Rose (r) is battling acute myeloid leukemia and urgently needs a stem cell transplant from a matching donor. Her daughter Taylor (l), a University of South Florida student, was recently diagnosed with acute lymphoblastic leukemia.
Rose Bradwell is a 47-year-old wife and mom of three girls aged 18, 16, 13, and has a fulfilling career in the medical field. In 2020, Rose felt unwell and went to the emergency room to be tested for tonsillitis. There, she received the worst possible news – she was diagnosed with acute myeloid leukemia (AML) and was immediately transferred to the oncology department, given a bone marrow biopsy, and began chemotherapy.
To defeat AML and recover her health, Rose needs a peripheral blood stem cell (PBSC) or marrow transplant from a donor who shares her same tissue type. None of her siblings are a close enough match to donate – about 70% of patients do not have a match within their family.
Rose’s best chance of a match is with someone who shares her genetic heritage. As her ancestry is Haitian, her donor will most likely be of Haitian or African descent.
Like 71% of Black blood cancer patients, Rose does not currently have a match in the worldwide registry either, and the search has been ongoing since 2021. Many more Black donors are needed in the registry, not just for Rose, but also for thousands of patients who are currently seeking donors.
“I just kind of stay in the moment,” said Rose. “I try not to focus on the long haul and instead go day-by-day.”
Rose’s husband and biggest cheerleader, TJ, has been by her side throughout this entire journey.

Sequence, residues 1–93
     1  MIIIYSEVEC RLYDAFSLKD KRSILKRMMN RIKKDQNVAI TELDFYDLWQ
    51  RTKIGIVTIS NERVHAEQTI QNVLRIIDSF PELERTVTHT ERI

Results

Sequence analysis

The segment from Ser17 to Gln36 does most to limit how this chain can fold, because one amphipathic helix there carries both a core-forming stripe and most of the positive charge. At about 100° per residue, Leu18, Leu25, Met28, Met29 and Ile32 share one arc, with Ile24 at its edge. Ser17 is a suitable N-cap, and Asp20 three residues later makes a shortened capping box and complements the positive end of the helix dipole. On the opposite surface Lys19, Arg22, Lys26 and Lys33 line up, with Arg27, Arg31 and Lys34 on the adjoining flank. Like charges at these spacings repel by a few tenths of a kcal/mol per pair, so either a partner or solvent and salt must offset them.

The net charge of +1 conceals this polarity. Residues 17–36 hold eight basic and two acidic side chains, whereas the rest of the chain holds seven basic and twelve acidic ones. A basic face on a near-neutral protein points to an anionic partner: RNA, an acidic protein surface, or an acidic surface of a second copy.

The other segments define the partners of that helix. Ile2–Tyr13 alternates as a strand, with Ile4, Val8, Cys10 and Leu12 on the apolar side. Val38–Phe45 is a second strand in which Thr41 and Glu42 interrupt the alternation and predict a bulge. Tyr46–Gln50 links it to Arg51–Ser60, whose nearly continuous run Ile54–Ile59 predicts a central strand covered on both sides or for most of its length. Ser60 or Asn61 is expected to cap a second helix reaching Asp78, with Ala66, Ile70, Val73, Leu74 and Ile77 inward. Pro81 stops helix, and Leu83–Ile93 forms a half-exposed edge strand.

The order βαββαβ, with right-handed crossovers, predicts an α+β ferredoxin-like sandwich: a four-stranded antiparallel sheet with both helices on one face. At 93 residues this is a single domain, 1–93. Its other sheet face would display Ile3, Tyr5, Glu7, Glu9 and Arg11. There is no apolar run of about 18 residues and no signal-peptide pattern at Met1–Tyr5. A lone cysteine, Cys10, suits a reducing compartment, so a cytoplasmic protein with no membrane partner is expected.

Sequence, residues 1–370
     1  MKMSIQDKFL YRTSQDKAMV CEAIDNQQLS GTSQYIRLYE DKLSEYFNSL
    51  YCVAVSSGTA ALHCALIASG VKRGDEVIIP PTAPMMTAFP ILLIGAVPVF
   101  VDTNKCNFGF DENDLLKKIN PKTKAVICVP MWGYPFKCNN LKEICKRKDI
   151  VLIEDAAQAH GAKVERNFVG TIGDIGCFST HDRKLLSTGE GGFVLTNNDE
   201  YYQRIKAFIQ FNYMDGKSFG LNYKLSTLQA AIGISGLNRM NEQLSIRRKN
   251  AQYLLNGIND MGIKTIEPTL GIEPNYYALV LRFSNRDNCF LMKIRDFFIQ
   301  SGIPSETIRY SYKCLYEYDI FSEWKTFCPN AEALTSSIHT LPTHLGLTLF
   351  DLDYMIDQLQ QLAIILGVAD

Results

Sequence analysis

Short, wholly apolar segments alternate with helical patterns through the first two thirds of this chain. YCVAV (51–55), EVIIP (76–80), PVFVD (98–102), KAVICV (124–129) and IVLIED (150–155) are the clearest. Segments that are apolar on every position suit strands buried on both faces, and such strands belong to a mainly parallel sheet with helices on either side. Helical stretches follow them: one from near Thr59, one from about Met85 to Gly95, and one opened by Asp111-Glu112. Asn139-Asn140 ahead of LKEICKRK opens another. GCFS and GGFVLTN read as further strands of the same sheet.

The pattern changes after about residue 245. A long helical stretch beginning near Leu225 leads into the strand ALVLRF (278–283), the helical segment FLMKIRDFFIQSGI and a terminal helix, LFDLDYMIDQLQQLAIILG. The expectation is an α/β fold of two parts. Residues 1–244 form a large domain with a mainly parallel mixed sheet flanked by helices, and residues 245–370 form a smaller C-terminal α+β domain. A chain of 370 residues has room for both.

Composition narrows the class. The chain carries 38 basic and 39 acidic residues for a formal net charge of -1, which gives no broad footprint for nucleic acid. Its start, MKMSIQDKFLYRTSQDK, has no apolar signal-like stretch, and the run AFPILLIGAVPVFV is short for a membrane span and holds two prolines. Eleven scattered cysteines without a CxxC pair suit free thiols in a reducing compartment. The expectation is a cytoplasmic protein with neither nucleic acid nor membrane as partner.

“We are grateful for the exceptional care and support Rose has received from her healthcare team and our wider community,” said T.J. “We urge anyone who is able to join the registry and be the hero we need and help save her life.”
Unfortunately, the Bradwell’s beautiful family received additional bad news: Rose’s eldest daughter, Taylor, a graduate of Royal Palm Beach High School and now a student at University of South Florida (USF) in Tampa, was diagnosed with acute lymphoblastic leukemia (ALL), a different form of blood cancer than Rose’s.
“She had been complaining off and on with weird, random symptoms for several weeks, but they occurred at random and were not very consistent,” said Rose. “One evening, she admitted to not feeling her best, so I made an appointment for the next day. The pediatrician’s office sent us to the emergency room to follow up on abnormal labs. There she was diagnosed with ALL. Imagine my disbelief after having been diagnosed with AML 20 months prior.”
Taylor does not currently need a transplant, so she focuses on spreading the word about her mother’s need for one, and the general need for Black donors to step up, help their community, and register as donors. Her activities to raise awareness of blood cancer were recently recognized by the HEADstrong Foundation, which presented her with the 2023 HEADstrong Award, recognizing students who show exceptional leadership in raising awareness and funds for cancer.
“I was able to graduate high school and walk across the stage with my peers in May 2023,” said Taylor. “I now attend USF and I continue treatment at the cancer center here.”
Rose is a proud alumna of Florida State University, and as a physician assistant, she specializes in wound care. “I chose a career in healthcare to give back to my community and to help others,” said Rose. “I love my job. I find healing wounds and improving patients’ quality of life enormously rewarding.”
Rose urgently needs a donor. You could be her lifesaving hero, but we can’t find you unless you join the registry. All it takes is a swab of your cheek to find out if you are a match for her or another patient in need.
Those 18-35 and in general good health can sign up by completing a short health questionnaire and a cheek swab kit.
Click here to order a swab kit to be sent to your home. By completing a short health questionnaire and the cheek swabs, you can join the registry! If you are a match for Rose or another patient, Gift of Life will contact you.
Click here to make a gift to help sponsor the processing of cheek swab kits, so that new donors can be added to the registry.